• Get a medical statement from a physician for all household members. Foster parents are not required to have a perfect bill of health, but DCS does not want to place children in a home where the parent may not be able to care for them or may die from an illness. “We’re not going to put a kid in that home only to be uprooted,” Gist said.
• Complete training, plus First Aid and CPR.
• Submit three positive personal references.
• Allow home visits from the licensing specialist.
• Complete home study interviews.
• Be willing to fill out several forms.
There is no cost to apply. Applications can be picked up at the local DCS office, 121 Locust Lane. The approval process takes 3 to 4 months.
To learn more, visit fostercare.in.gov, or call the local DCS office at 812-988-2239 and leave a message for Gist.
The Department of Child Services can offer a variety of services to children and families, for free, to help prevent child abuse and neglect and strengthen families.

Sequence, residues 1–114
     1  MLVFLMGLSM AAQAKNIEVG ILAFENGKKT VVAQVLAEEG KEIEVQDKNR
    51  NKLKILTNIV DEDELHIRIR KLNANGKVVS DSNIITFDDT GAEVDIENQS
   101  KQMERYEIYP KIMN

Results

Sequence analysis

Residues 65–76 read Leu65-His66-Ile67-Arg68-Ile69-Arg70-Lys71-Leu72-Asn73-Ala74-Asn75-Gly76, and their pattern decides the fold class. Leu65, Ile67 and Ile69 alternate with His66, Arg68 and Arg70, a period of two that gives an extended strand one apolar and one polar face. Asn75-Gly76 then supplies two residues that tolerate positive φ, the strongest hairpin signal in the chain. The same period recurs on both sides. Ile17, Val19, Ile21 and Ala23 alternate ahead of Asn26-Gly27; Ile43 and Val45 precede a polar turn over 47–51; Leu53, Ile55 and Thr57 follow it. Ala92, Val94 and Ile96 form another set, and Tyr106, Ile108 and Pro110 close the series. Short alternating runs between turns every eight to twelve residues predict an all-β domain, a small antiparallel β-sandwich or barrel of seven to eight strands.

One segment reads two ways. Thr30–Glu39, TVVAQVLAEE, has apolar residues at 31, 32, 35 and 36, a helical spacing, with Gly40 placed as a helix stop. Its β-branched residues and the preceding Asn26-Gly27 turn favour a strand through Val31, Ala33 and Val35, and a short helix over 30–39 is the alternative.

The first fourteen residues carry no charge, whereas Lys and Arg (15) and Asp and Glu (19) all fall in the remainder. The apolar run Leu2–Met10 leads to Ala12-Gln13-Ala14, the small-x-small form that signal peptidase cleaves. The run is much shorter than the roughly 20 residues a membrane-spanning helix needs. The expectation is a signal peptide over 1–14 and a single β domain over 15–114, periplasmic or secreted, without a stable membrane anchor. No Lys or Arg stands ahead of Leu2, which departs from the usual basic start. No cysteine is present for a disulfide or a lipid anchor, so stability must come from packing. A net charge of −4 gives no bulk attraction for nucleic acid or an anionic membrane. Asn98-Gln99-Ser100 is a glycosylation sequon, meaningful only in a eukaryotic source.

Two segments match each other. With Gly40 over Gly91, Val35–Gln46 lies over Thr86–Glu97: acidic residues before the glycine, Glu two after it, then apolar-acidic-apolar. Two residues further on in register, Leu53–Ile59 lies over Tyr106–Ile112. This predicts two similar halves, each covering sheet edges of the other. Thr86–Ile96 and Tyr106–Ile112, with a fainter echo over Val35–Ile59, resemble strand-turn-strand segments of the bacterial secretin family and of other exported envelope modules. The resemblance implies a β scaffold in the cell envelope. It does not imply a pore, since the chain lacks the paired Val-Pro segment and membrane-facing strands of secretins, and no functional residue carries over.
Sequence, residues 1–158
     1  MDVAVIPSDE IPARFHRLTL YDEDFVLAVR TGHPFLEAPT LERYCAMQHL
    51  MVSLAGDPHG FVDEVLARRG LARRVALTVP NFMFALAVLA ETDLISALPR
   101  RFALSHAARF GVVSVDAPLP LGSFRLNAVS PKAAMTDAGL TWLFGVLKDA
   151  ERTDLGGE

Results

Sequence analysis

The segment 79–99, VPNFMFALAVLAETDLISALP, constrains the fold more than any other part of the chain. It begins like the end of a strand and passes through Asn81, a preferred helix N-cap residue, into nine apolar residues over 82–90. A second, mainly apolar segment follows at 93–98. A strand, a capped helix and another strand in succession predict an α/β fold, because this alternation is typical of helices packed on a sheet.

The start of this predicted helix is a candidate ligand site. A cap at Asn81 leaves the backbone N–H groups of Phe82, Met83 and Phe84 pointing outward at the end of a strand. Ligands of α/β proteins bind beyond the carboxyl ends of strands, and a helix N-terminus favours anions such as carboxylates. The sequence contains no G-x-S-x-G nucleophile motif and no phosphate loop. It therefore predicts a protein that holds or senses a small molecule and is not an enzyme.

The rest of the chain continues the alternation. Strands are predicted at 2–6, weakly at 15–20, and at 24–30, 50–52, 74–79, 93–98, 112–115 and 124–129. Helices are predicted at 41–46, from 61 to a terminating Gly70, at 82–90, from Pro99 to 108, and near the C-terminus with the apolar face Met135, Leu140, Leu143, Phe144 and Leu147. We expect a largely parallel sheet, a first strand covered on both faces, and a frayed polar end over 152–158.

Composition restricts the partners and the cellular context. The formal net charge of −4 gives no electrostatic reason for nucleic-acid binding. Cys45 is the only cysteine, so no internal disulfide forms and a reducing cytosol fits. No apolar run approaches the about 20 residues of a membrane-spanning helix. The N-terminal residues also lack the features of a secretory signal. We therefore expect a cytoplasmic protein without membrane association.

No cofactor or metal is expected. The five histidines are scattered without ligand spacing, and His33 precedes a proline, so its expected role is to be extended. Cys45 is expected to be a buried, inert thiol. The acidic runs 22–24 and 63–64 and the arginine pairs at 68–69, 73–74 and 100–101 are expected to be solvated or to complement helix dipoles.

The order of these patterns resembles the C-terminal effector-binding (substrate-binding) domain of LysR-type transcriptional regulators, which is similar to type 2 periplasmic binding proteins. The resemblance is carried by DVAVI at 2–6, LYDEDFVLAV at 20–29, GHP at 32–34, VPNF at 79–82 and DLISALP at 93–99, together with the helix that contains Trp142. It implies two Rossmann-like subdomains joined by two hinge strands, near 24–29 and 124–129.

Parenting skills training is available.
So is home-based case management — helping with the daily functions of the home like budgeting or house cleaning.
DCS also has community partners which offer services to help families before intervention is necessary, Director Harmony Gist said. Healthy Families, First Steps and Head Start are some.
DCS also can help children who are about ready to turn 18 and age out of the system; they can remain under DCS jurisdiction and supervision until they are 20, Gist said.
Collaborative Care is available to older children whose best interest may not be served by reuniting them with their family. The one-on-one program helps get the children to adult age and teaches them adult skills, like how to apply for a job or open a bank account.
DCS also offers the Children’s Mental Health Initiative, which provides free mental health care to qualifying children so that they do not enter the child welfare or probation system for the sole purpose of accessing free services, according to the DCS website.
The Indiana Child Abuse and Neglect Hotline is 1-800-800-5556.